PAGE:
Religion intersects with film not only in film content, but also in the production and experience of film. From the earliest period, religious attitudes have shaped how religious individuals and communities have approached filmmaking as way to present temptation or salvation to the masses. Individual religious communities have produced their own films or have sought to monitor those that have been mass produced. To avoid conflict, filmmakers voluntarily agreed to self-monitoring, which had the effect of strongly shaping how religious figures and issues were presented. The demise of this system of self-regulation reintroduced conflict over film content as it expanded the ways in which religious figures and issues were presented, but it also shifted attention away from the religious identity of the filmmakers. Built on a foundation of “reading” symbolism in “art” films, and drawing from various forms of myth—the savior, the end of the world, and others—audiences became more comfortable finding in films religious symbolism that was not specifically associated with a specific religious community. Shifts in American religious demographics due to immigration, combined with the advent of the videocassette and the expansion of global capitalism, broadened (and improved) the representation of non-Christian religious themes and issues, and has resulted in the narrative use of non-Christian myths. Experimentation with sound and image has broadened the religious aspect of the film experience and made it possible for the viewing of film to replicate for some a religious experience. Others have broadened the film-viewing experience into a religious system. While traditional film continues to present traditional religions in traditional ways, technology has radically individualized audio-visual production, delivery, and experience, making film, like religion, and increasingly individualized phenomenon.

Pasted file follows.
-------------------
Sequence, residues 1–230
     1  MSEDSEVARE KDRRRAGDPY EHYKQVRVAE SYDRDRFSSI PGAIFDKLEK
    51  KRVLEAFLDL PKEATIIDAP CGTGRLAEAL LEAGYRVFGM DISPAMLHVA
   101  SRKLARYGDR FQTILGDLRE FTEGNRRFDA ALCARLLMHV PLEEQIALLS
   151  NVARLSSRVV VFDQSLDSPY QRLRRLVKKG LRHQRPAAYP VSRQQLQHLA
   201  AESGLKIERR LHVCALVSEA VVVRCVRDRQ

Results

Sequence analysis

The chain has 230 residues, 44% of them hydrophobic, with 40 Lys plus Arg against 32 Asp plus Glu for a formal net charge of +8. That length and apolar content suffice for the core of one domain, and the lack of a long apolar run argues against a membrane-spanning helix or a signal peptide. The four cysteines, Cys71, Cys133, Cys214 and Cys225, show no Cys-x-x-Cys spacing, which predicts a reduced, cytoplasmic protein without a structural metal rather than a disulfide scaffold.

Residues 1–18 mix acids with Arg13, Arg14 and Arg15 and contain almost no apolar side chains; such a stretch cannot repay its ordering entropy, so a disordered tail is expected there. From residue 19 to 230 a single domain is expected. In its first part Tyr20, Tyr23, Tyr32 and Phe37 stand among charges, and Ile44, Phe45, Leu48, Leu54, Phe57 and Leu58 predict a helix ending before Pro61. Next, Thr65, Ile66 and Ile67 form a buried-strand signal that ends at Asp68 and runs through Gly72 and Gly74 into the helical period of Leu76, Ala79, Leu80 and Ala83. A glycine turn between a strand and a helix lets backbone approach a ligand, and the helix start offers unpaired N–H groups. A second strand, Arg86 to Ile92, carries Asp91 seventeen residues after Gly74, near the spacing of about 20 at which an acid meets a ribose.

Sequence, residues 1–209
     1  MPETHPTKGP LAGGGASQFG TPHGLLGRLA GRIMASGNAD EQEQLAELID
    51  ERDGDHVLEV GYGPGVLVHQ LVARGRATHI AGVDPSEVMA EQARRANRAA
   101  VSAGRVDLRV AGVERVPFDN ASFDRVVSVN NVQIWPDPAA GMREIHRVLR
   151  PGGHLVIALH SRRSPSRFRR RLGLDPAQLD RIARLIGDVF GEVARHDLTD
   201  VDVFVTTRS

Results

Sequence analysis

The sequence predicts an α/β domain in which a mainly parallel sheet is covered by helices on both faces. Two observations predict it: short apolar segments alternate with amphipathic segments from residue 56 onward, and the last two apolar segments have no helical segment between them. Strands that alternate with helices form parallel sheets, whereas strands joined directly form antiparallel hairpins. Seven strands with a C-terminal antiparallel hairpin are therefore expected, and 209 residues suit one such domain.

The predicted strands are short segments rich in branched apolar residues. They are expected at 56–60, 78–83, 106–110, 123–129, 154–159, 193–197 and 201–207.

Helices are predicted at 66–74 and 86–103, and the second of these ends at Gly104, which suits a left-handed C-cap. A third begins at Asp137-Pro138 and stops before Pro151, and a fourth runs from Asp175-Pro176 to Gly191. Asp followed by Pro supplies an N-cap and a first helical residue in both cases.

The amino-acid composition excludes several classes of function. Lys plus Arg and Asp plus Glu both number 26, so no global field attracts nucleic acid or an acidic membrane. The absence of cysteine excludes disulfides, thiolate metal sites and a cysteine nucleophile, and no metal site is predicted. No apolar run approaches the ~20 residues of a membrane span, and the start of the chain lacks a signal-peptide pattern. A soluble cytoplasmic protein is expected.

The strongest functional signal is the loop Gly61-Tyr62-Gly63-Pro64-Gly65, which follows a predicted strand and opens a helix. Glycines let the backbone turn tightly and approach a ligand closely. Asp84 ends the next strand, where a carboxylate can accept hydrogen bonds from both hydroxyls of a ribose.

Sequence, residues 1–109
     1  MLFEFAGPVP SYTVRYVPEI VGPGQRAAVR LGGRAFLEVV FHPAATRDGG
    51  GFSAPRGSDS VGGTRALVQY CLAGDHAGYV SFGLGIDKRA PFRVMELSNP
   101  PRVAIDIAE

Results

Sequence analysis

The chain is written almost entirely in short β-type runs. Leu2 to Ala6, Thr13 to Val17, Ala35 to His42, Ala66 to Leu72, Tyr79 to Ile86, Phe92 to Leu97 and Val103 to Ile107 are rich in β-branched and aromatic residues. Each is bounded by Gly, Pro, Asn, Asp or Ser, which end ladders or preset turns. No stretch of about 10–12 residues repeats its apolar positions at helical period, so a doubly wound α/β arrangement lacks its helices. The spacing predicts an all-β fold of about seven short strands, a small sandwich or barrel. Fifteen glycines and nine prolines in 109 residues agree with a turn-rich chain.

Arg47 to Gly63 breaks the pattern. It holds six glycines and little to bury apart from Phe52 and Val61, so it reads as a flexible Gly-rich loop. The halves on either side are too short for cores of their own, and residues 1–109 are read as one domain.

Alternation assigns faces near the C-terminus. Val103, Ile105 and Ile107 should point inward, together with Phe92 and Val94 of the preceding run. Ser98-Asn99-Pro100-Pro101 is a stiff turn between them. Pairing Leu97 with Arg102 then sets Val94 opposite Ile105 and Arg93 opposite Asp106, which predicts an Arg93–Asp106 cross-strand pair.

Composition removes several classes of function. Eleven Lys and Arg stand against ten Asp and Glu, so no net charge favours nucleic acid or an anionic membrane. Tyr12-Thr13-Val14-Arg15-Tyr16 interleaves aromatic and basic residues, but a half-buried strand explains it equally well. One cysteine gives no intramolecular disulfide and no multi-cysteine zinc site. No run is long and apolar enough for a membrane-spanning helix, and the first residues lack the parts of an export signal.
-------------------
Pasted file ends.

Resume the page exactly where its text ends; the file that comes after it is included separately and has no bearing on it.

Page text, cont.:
African Americans and Religion  

Sylvester A. Johnson

Beginning with trans-Atlantic slavery, which forced hundreds of thousands of people into what is presently the United States, religion among African Americans consistently featured a complex of efforts toward innovation, preservation, and agential intervention rooted in efforts toward survival against structures of racial domination. Social factors including slavery, black responses to a range of political conflicts, influences of immigration, and the varieties of genealogies that have constituted religious formations among African Americans contributed to the creation of formal Christian denominations, intentional communities of Orisha, and transnational movements of Islam. Also important are the insurgent challenges that African Americans have proffered as a rejoinder to social oppression. But this progressive tendency has been paralleled by sharply conservative religious formations that check any easy generalization of African American religions as being predisposed toward social justice movements. Also important are social sources of autonomous church formation, the role of Black Nationalism, anticolonial forms of religion, and Yoruba revivalism of the mid-20th century.